Melanie (Weaver) Barnett - Inductee - 2006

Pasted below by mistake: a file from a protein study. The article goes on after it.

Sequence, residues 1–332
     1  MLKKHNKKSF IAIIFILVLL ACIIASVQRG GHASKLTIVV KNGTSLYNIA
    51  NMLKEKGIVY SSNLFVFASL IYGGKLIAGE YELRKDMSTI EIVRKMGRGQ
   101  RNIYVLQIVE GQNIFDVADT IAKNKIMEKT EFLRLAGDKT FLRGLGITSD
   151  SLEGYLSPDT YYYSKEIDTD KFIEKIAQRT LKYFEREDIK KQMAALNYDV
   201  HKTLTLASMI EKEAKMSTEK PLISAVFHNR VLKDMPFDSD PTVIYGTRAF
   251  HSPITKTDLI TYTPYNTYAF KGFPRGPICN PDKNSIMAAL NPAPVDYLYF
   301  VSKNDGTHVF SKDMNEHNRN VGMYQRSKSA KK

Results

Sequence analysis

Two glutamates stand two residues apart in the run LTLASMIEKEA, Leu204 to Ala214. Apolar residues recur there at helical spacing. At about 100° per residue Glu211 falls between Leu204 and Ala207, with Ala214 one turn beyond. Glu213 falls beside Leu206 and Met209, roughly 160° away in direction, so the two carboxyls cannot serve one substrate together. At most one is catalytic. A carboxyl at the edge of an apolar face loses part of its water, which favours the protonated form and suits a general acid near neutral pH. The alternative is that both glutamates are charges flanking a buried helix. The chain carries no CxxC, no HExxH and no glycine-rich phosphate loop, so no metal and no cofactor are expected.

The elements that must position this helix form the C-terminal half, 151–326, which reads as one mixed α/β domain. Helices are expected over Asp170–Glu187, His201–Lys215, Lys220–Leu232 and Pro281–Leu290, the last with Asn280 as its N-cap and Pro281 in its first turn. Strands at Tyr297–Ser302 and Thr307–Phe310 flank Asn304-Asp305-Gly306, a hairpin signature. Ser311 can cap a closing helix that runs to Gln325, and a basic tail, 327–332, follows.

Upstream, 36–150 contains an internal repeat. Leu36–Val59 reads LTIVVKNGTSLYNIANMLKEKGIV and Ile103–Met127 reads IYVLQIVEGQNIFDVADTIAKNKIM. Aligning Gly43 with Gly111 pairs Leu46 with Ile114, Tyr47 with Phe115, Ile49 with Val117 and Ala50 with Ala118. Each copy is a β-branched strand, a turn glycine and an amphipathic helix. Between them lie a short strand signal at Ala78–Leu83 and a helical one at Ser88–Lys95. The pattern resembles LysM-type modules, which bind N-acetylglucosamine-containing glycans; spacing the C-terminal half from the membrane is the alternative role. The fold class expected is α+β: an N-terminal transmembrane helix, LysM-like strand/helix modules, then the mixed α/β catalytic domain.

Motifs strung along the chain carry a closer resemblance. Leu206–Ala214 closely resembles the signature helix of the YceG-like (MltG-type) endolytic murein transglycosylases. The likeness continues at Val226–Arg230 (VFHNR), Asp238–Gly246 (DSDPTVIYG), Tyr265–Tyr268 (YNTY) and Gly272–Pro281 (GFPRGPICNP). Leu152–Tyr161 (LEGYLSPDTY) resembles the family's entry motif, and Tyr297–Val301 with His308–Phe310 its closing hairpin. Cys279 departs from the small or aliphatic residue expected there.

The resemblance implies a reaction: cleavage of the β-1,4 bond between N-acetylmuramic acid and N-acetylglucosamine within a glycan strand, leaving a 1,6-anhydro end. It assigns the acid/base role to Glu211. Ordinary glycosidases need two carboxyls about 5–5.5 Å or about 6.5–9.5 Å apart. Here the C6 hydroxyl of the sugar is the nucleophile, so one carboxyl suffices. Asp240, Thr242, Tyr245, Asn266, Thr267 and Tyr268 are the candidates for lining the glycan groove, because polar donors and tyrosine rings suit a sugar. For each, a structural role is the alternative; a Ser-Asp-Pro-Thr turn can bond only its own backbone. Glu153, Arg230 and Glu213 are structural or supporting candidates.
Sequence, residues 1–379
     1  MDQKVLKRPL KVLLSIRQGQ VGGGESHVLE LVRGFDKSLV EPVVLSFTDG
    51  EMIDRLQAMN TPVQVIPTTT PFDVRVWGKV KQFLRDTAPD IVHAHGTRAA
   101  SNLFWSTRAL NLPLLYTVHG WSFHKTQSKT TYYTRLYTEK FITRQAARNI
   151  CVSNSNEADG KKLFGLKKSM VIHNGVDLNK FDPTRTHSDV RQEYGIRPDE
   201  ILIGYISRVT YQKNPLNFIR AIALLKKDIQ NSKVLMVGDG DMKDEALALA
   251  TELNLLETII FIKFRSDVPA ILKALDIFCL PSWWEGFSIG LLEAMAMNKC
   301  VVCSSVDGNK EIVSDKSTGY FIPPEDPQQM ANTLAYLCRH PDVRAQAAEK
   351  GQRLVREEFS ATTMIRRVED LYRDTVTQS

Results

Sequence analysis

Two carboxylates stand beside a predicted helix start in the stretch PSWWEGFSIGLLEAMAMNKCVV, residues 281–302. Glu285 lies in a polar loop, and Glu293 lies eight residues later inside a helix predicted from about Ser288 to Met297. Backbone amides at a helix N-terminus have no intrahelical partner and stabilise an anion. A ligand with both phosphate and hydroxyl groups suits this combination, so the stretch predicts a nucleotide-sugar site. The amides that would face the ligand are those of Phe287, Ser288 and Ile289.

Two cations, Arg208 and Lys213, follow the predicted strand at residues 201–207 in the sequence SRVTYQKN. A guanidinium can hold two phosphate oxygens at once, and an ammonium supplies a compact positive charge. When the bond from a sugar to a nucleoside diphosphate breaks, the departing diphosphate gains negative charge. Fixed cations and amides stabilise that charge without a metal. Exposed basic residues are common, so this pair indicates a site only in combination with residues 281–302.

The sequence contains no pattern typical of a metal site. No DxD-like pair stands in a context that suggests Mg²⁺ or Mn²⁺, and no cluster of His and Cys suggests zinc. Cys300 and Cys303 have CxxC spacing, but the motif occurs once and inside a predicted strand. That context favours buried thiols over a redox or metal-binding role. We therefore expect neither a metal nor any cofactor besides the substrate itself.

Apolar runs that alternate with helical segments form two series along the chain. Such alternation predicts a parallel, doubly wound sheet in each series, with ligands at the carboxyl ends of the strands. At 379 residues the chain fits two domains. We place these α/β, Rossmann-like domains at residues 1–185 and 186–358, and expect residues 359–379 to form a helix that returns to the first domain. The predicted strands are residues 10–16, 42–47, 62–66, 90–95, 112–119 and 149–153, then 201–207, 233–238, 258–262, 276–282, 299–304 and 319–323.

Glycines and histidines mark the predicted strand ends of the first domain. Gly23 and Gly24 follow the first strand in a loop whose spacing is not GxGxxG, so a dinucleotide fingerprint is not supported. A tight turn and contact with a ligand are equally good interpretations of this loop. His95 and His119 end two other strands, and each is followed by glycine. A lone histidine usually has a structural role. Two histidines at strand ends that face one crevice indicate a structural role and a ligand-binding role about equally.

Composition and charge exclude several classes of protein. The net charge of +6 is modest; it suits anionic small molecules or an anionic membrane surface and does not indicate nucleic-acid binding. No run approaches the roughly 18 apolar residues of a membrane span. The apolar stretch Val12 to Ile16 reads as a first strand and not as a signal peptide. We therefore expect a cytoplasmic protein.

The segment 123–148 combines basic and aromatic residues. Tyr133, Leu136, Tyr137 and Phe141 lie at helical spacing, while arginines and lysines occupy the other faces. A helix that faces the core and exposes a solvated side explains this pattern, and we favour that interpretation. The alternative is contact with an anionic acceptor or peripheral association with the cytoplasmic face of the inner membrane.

On an unseasonably cold day in the spring of 1979, Mason County Central girls track and field coach Gerry Genter thought it would speed things along if the two-mile races for boys and girls were combined in their dual meet with North Muskegon. "Their (athletic director) came up to me and we were talking about doubling up because it was so cold. He said he didn't really want to do that because it would embarrass the girls," said Genter, who sauntered over to Melanie Weaver, his crack miler and two-miler, and repeated what the AD had proposed. "She lapped every one of their runners except for one boy and he actually walked off the track before she could lap him," said Genter. Later that season, she won Class C state titles in the mile (5 minutes, 1 second) and two-mile (10:52.2). Both times remained state records until Michigan went metric and switched to divisions. After the season, Weaver competed in the (Detroit) Free Press Classic, a sanctioned meet for elite high school performers, where she bettered an all-class field in the two-mile with a time of 10:39.1. When she graduated from Mason County Central, she held school records in the 880-yard run, the mile and two-mile. Weaver went on to become a pioneer performer in track and field and cross country at the University of Michigan, where she earned All-American honors. In 1979, Weaver went to Michigan on a tuition scholarship. She later held an athletic scholarship raised by her coach, Kenneth 'Red' Simmons, who started Michigan's women's track program in 1977. As a junior, Weaver won the Big Ten title, winning the 10,000-meter run in 35:14.21 seconds. She also finished second on three other occasions and never finished lower than fifth in her college distance runs. She was an Assocation of Intercollegiate Athletics for Women (AIAW) All-American in the indoor two-mile in 1982. In her senior year of track at Michigan in 1983, she earned All-American status in the 10,000 meters when she finished third nationally. She was a 1984 Olympic trials qualifier in the marathon. In November 1984, she was named one of 50 finalists in the Wheaties 'Search for Champions' contest. She became the first University of Michigan woman to be granted an NCAA scholarship for graduate work. She was also the recipient of the Big 10 Medal of Honor for Excellence in Athletics and Academics and the Gerald R. Ford Award winner in 1993 for outstanding achievement in sports and contributions to society. Now Melanie Barnett, she is the Executive Director of Executive Education in the Stephen M. Ross School of Business at the University of Michigan.